Craigo-Snell mirrored Townes's statement. Because God uniquely informs all our perspectives, she argued, we are not only called to be mindful of all voices, but to actively seek out voices different from our own. Consequently, she encouraged the incoming students to "make sure you take classes with people who look different than you, who think differently than you."

LathropAnother revealing panel was "Tricks of the Trade: Students Guide to YDS," also on August 26.

Featuring second-year students Bryce Wiebe M.Div '11 and Denice Kelley M.Div '11 as well as several members of this year's student government—including President Delfin Bautista M.Div '10, Vice President Geoff Parker M.Div '10 and Secretary Ellie McCormick M.Div '11—the panel was the ultimate "how-to" in life at YDS.

When it came to academic life in particular, there was no shortage of wisdom. "Choose your schedule wisely," McCormick warned. "If you look ahead and see that you have four 25 page papers due on the same day, you may want to change up your classes a bit." Kelley echoed that sentiment. Above all, she noted, "choose classes that are diverse in their expectations of you."

Yet the tone of the panel was more uplifting than dire. "Don't be afraid to ask for help," Bautista insisted. "Professors are demanding, but they're also very gracious."

Likewise, Wiebe, who also heads up this year's Community Life Committee, stressed that his peers are a great resource for help and support. "You're going to be in class," he told the fifty-odd students in attendance, "and half the people around you are in training to be professionally kind. There's no need to be stressed!" As the audience laughed, Parker underscored Bryce's point. "Basically," he pointed out, "asking someone for help around here is doing them a favor."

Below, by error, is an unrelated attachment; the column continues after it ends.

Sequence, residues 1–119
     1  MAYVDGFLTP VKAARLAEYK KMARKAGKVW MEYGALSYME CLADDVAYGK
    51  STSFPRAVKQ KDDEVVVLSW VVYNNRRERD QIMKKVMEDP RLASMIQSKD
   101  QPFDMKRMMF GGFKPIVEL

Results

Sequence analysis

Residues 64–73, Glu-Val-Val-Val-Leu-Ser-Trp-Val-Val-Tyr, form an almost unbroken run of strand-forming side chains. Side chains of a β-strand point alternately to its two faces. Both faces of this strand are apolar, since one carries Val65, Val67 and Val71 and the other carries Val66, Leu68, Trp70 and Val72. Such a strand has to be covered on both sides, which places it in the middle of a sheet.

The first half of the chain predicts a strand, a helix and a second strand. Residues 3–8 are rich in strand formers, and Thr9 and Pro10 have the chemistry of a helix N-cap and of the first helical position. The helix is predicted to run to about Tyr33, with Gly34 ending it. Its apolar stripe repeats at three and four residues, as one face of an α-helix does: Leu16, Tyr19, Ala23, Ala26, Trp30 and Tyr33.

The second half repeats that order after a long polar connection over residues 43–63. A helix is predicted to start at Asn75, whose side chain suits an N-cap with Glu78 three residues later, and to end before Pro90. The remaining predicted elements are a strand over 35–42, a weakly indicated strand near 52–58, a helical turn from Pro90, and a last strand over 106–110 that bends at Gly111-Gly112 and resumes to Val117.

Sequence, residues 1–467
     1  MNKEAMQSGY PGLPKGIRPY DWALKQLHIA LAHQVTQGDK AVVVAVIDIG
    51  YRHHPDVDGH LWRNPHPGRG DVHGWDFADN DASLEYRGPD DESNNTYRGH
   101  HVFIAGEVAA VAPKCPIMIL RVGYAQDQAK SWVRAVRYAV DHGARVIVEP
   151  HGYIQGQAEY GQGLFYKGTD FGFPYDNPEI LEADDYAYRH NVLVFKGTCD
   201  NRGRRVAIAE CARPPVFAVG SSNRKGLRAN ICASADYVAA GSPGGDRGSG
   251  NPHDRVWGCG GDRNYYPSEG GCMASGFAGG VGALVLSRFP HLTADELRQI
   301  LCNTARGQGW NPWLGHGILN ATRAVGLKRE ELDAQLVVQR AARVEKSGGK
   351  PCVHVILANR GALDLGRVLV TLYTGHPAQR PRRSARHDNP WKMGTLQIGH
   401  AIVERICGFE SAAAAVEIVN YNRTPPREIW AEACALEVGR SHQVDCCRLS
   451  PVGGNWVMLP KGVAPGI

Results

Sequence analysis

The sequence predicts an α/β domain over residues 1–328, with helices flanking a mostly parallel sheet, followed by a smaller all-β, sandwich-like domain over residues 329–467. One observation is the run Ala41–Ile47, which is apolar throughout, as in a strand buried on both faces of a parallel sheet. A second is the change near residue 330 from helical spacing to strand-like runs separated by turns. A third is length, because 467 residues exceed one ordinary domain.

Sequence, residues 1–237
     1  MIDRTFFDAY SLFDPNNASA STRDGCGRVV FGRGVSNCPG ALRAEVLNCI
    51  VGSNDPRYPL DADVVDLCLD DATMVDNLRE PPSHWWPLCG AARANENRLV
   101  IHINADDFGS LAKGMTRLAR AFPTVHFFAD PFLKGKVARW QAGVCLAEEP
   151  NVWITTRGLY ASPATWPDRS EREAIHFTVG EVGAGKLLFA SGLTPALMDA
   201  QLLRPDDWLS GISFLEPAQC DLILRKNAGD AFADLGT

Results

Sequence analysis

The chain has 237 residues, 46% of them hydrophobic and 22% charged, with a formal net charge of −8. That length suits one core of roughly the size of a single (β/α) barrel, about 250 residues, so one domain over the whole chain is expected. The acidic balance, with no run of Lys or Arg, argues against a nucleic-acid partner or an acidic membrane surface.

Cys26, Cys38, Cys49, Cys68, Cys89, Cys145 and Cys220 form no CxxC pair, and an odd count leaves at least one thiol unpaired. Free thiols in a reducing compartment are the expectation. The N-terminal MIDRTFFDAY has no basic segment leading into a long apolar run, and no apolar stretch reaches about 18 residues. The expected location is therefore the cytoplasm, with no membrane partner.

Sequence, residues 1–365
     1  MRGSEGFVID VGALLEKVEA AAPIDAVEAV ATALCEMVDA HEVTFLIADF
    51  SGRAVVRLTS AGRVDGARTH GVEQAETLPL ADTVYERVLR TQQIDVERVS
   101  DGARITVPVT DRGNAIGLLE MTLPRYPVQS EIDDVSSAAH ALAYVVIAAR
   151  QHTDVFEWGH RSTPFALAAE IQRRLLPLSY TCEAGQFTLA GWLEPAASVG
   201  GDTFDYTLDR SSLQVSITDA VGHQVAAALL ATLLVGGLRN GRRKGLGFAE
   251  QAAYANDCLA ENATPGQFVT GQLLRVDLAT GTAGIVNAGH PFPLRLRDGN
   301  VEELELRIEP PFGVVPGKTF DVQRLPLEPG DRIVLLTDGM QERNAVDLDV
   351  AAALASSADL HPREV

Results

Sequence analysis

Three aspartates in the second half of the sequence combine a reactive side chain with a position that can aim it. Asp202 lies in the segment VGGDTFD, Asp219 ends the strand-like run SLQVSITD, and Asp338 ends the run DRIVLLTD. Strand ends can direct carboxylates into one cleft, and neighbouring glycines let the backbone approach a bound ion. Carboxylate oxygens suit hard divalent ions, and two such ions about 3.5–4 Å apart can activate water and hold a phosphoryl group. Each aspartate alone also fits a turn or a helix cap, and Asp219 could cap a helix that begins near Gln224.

The initial response to BTFO was overwhelmingly positive. Overall, the panels and events were "very informative," said Smoot Carter M.A.R. '11. "It really helped us transition into this year. We could feel overburdened without orientation, but they're getting us thinking about how to become effective students and enjoy ourselves at the same."

For his part, Dean of Students Dale Peterson could not have been more pleased. "This year's BTFO was an outstanding success," he noted.  "The coordinators, Sandra Valdes-Lopez and Kate Spelman, planned and presented a thoughtful, enjoyable, and informative program.  They provided the backdrop that enabled new students to meet one another and begin forming community among themselves and with returning students, staff, and faculty.  And the entering class was absolutely wonderful -- they were gracious, supportive, and open throughout the week, and present for all of the events in an encouraging way."

For Valdes-Lopez, too, the week went off as well as could be hoped. "People have been overwhelmingly kind with their words of appreciation and gratitude," she said. And it isn't hard for her to understand why: "Our returning students gifted our first years with both the wisdom of their experiences and the reality of their struggles. I'm extremely grateful."